Good news! The world is looking at 2016 with much more confidence in terms of economic outlook than 2015, according to market research firm WIN/Gallup’s end of the year survey published on Dec. 31, 2015.
The research has found that an average of 45% of over 66,000 people interviewed in 68 countries had a positive outlook towards the economic situation in their own country in 2016, expecting it to be better than in 2016, and only 22% thought it was going to be worse (the remaining 33% didn’t expect changes or had no opinion). This is an increase of 3% compared to 2015—and a signal that people might feel things are getting better.
Leading the world in terms of economic optimism are West and South Asia, where 60% of people have a positive outlook, East Asia and Oceania (53%) and Sub-Saharan Africa (45%).
Sticking out for negativity—despite finally having started growing again— is the EU, where only 14% of people are optimists.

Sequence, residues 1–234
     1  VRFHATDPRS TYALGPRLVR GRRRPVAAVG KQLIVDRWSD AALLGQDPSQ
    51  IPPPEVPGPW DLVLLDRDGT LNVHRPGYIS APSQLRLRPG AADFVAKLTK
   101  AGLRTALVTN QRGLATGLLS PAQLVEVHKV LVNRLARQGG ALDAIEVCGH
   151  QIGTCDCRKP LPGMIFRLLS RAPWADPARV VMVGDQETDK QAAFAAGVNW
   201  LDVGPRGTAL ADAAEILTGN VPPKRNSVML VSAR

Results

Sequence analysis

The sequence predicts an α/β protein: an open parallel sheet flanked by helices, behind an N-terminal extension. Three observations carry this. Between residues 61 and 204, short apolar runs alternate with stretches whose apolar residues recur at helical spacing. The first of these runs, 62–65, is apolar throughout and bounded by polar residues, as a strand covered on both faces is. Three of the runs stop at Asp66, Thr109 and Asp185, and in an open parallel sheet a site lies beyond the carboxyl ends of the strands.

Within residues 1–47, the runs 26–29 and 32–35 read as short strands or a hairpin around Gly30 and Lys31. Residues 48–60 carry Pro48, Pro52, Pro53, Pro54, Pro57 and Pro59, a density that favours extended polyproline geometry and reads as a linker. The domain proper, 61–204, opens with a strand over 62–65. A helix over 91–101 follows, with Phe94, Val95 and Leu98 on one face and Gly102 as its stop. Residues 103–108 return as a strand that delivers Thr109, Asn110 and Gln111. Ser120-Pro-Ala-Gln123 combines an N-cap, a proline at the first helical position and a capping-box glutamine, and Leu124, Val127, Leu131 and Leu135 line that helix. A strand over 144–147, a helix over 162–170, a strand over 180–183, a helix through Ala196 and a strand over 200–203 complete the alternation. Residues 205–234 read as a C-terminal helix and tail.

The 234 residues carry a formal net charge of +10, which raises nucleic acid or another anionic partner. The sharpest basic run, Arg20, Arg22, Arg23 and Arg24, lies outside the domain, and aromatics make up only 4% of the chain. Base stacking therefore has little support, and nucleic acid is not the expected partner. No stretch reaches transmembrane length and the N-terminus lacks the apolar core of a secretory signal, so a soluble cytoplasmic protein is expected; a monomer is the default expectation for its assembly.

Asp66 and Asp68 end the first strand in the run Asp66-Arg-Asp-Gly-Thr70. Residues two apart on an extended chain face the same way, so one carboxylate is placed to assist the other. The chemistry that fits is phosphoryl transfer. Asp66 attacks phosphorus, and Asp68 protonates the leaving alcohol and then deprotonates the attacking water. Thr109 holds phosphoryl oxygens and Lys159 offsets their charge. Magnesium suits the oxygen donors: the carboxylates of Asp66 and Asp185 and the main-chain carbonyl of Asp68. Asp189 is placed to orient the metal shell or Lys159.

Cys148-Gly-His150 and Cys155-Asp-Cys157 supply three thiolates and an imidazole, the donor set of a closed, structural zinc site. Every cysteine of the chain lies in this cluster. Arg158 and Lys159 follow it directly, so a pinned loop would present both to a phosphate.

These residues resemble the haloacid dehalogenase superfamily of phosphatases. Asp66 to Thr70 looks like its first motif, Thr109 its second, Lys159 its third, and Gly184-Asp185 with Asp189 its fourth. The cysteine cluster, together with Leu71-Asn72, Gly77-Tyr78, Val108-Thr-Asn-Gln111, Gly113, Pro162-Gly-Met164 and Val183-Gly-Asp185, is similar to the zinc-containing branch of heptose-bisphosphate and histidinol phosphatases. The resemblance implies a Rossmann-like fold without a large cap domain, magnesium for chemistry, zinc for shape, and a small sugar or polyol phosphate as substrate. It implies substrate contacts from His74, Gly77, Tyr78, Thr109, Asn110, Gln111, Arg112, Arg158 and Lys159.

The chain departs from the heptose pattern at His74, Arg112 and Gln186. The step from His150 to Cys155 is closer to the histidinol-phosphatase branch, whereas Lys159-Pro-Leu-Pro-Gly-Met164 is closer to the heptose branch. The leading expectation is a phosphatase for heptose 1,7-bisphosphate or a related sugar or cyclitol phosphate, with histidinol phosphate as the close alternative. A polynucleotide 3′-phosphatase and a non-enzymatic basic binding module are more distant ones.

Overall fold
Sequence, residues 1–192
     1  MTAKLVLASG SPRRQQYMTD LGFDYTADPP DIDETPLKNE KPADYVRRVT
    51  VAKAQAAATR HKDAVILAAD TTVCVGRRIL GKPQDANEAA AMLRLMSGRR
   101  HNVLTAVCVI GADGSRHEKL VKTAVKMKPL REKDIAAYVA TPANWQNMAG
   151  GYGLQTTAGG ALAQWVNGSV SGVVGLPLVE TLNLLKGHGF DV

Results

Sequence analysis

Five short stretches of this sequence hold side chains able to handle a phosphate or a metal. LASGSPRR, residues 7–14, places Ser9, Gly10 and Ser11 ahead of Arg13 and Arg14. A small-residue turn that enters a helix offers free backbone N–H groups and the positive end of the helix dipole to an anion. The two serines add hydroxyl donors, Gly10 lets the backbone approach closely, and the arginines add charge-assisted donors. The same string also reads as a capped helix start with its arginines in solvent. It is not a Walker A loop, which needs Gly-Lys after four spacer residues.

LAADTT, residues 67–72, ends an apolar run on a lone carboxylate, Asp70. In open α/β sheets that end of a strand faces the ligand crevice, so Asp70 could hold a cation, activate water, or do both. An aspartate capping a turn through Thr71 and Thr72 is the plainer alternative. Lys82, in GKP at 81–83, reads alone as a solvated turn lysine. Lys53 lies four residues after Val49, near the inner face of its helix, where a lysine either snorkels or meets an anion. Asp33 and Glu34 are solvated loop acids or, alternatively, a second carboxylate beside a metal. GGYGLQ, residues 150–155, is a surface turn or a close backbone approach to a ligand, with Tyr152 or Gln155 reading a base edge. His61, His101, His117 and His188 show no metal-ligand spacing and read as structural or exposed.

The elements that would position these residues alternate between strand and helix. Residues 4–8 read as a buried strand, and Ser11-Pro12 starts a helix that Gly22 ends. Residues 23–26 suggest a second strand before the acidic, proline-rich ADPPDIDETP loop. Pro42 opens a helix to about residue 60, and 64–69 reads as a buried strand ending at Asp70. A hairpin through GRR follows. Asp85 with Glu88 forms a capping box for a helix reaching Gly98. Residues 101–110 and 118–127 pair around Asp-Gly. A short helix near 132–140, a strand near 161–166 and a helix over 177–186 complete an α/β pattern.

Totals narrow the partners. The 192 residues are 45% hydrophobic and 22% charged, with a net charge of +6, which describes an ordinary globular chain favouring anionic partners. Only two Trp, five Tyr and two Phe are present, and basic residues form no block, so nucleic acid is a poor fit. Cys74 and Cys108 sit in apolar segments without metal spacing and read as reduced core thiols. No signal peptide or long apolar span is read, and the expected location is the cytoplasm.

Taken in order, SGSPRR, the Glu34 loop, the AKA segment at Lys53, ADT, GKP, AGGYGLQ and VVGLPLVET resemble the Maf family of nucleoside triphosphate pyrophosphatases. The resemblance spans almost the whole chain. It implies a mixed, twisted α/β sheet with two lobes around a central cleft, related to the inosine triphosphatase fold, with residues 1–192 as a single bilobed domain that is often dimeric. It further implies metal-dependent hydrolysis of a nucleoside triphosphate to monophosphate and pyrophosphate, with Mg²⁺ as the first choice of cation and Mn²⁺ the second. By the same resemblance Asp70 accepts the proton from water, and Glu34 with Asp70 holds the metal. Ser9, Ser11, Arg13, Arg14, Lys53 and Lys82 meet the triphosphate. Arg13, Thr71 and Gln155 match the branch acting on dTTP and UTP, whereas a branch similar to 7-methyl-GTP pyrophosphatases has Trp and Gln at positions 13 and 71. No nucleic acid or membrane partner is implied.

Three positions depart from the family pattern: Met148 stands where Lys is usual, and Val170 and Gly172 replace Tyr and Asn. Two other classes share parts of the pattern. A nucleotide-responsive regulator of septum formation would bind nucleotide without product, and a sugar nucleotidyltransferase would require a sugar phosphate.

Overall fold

People with Positive Economic Outlook for 2016
A look at the results shows that the negative sentiments are found mostly among the richest countries: in prosperous economies (which the survey defines as G7 economies) only 18% of people think 2016 will be a good year for the economy, while in emerging economies (defined as G20 economies minus the G7) and aspiring ones (everyone else), 54% and 40% of people respectively have good expectations for the coming year. The most optimistic country is China—65% of people are looking forward to what the economy of 2016 has to bring.
Economic outlook for 2016 (by country’s wealth)
But while the macro results show that those who have more wealth (G7 nations) tend to be the most pessimistic, the opposite is true when looking at the micro results: demographic-wise, it’s the advantaged who have the most optimistic outlook on 2016. Men under 34, with medium-high income and a university degree are the most positive—although overall no one beats Hindus: with 61% of positive responses, they are the group with the best outlook on 2016.